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CME Week: How NASA Watches CMEs

Two main types of explosions occur on the sun: solar flares and coronal mass ejections. Unlike the energy and x-rays produced in a solar flare – which can reach Earth at the speed of light in eight minutes – coronal mass ejections are giant clouds of solar material that take one to three days to reach Earth. Once at Earth, these ejections, also called CMEs, can impact satellites in space or interfere with radio communications. During CME Week from Sept. 22 to 26, 2014, we explore different aspects of these giant eruptions that surge out from the star we live with.

Screen capture from ENLIL model of March 5, 2013 CME.

Those who study Earth’s weather have a luxury of data points to study. From thousands of weather stations measuring temperature and rainfall to satellites tracking storm fronts up in space, meteorologists can watch detailed maps of the weather as it sweeps across land or sea.

Compared to this, the study of space weather – including CMEs – is a much younger science, with far fewer observatories available. However, our resources have grown dramatically in the last decade: NASA currently flies 18 missions to study the sun’s effects at Earth and on the entire solar system, a field known as heliophysics, and additionally launches numerous short-flight rockets for observations of solar impacts in and above Earth’s atmosphere. Coupled with improved computer modeling, keeping an eye on – and getting a better understanding of – CMEs has taken a giant leap forward in the 21st century.

“Over the past ten years, we have had a major breakthrough in understanding space weather,” said Antti Pulkkinen a space weather scientist at NASA’s Goddard Space Flight Center in Greenbelt, Maryland. “We can now track the basic properties of CMEs. When our solar observatories see a CME, we can tell what direction it’s going in and how fast it’s traveling.”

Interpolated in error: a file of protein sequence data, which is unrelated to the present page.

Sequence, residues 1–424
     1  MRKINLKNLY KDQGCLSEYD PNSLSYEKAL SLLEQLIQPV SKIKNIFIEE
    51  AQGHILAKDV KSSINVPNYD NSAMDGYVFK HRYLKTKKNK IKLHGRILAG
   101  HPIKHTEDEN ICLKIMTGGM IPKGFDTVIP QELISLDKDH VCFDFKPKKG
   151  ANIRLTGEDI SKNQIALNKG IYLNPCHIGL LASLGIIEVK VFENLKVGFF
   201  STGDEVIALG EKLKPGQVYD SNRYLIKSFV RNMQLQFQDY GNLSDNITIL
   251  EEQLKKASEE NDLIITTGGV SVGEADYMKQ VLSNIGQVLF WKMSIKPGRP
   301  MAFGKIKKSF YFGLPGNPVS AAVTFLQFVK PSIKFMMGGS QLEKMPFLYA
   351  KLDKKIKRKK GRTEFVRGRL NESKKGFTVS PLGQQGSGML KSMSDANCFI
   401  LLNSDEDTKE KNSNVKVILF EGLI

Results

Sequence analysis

Improved observations combined with improved models has led to hybrid descriptions of a CME, relying partially on computer simulations and partially on actual observations. NASA houses a collection of space weather models available for public access at the Community Coordinated Modeling Center at Goddard. Together with observations they can provide a holistic picture of any given CME.

For example, NASA’s Solar and Terrestrial Relations Observatory, or STEREO, might see a CME erupt on the sun. When that imagery is combined with observations from the European Space Agency and NASA’s Solar and Heliospheric Observatory, or SOHO, scientists can create a 3-dimensional picture of the giant cloud. Scientists then input this data into a model and then track how the CME unfolded and spread through space until it passed by NASA observatories closer to Earth. These observatories can directly measure the magnetic fields and speed of the CME as it passes by, as well as see how it affected Earth’s own magnetic fields – the magnetosphere.

Screen capture from ENLIL model of March 5, 2013 CME.

Such information on the CME’s entire path opens the door to understanding why any given characteristic of the CME near the sun might lead to a given effect near Earth. Each additional piece of the puzzle helps us better understand just what causes these giant eruptions — and whether or not any particular CME could pose a hazard to astronauts as well as technology in space and on the ground.

A March 5, 2013, CME as seen by the Solar and Heliospheric Observatory. Combining the information gleaned from such imagery with state-of-the-art models helps scientists better understand how CMEs move toward, and affect, Earth.

Related Links

› More on CME Week
› More on STEREO
› More on SOHO
› Other NASA Sun-Earth missions

Karen C. Fox
NASA’s Goddard Space Flight Center, Greenbelt, Md.